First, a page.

Setting up as MIP

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Comments

  • Aaron C RescueAaron C Rescue Feels At Home Registered Posts: 76
    I can understand the need to have stringent rules in place which are designed to protect both the profession and standard of work. I can also understand that situations provided for in real work experience, cannot necessarily be learnt from a text book. I can also see that membership of a professional body helps keep your knowledge fresh, relevant and up to date.

    However, - has anyone else come across adverts that have used the term 'Qualified by experience'? What is all that about then?
  • MonsoonMonsoon Font Of All Knowledge FMAAT, AAT Licensed Accountant Posts: 4,069
    However, - has anyone else come across adverts that have used the term 'Qualified by experience'? What is all that about then?

    That's people who know what they are doing after a good deal of experience, but don't have formal qualifications or letters after their name.

    A QBE could be:

    - a part-qual who never did their finals
    - a qualified who let their membership lapse
    - someone who learned on the job but never had formal training

    All of the above have the possibility to be "excellent unqualifieds" [as in, don't have a formal qualification] just as those with letters after their name have the ability to be awful (and I've seen a few!).

    Edit: I guess I'm a QBE. I am technically a qualified accounting technician. I'm also an accountant by trade and am experienced. Thus I guess that when I refer to myself as a qualified accountant, I'm referring to being QBE not MAAT. I never call myself an accounting technician.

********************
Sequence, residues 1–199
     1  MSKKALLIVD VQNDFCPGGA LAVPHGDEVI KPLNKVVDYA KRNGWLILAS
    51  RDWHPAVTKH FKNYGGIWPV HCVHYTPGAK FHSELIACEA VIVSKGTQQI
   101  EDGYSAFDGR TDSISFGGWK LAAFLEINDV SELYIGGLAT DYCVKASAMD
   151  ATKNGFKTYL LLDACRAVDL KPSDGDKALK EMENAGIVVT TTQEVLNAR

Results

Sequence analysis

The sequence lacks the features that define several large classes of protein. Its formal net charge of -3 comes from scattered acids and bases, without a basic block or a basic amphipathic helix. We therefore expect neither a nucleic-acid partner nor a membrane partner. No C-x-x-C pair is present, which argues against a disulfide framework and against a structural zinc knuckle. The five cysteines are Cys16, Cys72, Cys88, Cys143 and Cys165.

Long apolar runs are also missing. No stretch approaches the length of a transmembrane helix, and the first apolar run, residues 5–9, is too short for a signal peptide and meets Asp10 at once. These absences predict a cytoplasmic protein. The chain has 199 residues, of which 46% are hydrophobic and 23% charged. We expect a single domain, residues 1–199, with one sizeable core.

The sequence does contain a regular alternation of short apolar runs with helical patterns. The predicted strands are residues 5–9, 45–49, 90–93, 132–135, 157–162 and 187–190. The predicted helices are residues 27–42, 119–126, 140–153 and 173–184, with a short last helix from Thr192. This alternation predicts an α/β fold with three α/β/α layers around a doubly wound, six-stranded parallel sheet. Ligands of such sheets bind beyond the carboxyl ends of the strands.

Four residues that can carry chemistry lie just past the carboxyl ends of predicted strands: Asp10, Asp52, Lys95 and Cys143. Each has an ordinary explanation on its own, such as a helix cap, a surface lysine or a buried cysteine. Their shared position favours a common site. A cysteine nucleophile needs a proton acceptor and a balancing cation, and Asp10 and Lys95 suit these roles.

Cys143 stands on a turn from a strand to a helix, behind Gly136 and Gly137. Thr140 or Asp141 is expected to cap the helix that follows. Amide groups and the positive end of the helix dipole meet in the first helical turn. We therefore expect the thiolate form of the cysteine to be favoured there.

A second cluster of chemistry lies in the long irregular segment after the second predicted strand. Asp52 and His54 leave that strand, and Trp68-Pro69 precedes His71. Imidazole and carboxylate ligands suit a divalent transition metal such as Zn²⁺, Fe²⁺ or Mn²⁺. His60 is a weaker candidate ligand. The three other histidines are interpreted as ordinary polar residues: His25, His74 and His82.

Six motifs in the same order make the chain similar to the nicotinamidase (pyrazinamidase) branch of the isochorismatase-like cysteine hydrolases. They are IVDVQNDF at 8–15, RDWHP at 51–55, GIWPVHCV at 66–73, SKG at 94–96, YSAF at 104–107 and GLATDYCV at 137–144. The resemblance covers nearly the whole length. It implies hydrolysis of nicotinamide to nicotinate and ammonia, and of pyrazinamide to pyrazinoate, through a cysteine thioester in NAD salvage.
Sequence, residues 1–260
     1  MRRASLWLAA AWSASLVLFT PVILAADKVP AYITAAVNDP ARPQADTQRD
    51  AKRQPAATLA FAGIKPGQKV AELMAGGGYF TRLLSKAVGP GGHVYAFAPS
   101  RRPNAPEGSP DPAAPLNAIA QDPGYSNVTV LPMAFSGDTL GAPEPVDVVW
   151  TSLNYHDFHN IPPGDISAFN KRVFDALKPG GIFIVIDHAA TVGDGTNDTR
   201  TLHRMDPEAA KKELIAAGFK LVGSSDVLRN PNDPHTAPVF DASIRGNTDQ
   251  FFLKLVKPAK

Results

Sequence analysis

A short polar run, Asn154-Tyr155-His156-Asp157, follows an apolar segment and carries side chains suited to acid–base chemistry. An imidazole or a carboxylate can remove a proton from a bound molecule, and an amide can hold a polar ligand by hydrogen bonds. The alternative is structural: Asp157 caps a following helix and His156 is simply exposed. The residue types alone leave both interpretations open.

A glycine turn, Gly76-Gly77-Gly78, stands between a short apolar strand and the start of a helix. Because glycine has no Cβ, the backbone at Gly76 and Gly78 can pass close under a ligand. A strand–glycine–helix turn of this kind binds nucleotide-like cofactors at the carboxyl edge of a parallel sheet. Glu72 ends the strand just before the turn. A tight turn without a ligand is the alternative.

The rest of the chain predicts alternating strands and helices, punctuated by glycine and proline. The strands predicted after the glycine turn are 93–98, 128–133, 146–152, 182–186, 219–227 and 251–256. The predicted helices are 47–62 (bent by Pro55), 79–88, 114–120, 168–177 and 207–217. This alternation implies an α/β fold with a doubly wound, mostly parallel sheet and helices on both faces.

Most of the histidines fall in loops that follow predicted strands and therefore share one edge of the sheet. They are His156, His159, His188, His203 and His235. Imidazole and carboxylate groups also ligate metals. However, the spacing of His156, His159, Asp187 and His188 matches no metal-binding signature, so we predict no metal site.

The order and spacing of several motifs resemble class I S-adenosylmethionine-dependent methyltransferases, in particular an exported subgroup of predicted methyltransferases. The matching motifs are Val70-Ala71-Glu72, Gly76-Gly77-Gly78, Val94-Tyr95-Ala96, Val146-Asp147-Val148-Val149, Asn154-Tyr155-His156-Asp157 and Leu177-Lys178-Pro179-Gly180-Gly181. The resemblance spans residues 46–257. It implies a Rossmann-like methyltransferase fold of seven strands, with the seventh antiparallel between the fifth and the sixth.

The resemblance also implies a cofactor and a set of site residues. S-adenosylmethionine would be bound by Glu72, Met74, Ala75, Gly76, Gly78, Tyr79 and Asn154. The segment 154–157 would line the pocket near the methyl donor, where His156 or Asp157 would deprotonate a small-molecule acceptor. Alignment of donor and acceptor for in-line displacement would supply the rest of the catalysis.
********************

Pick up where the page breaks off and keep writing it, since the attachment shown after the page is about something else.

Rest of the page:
• currywalacurrywala New Member Registered Posts: 14
    Mip

    I just attended a branch meeting on this last week at the Reading branch, and according to the AAT the only thing you cannot do as MIP is the Audit. If anyone wants the contents PM me and I will photo copy and send them to you.
  • BluewednesdayBluewednesday Font Of All Knowledge Registered Posts: 1,624
    You are absolutely correct, the only thing an AAT MIP can't do is audit and insolvency, or anything where they dont have the relevant experience .

    The problem is that we are seeing plenty of members saying they have no practice experience yet want to set up in practice.
  • Aaron C RescueAaron C Rescue Feels At Home Registered Posts: 76
    I am currently temping and as far as gaining the relevant experience, I have recently helped my friend set up his books, and he is anticipating taking me on full time in the position as bookeeper (not holding my breath though!).

    So if I do in fact go to work for him as his bookeeper, as I understand it -
    I would be allowed to do his books as far as TB, and no further? Is that correct?

    Secondly, due to the size of the company, the MD can submit and sign off abbreviated accounts, and qualifies for Audit exemption. He has told me that as long as I prepare the Balance Sheet in accordance with the rules - he will sign them off. Would I be allowed to do that?

    Thirdly, if I do in fact end up working for him as his Bookeeping (including Final Accounts!), and he maintains this current turnover level, the accounts effectively never undergo an Audit, so how would I be able to get my work recognised as experience?
  • RinskeRinske Font Of All Knowledge Registered Posts: 2,453
    If you go work for him full time, I assume you are not a MIP, therefore, you won't need to request the AAT permission to work as an MIP.

    However I would be very careful that you do the right work, or it might come haunting you again in this situation.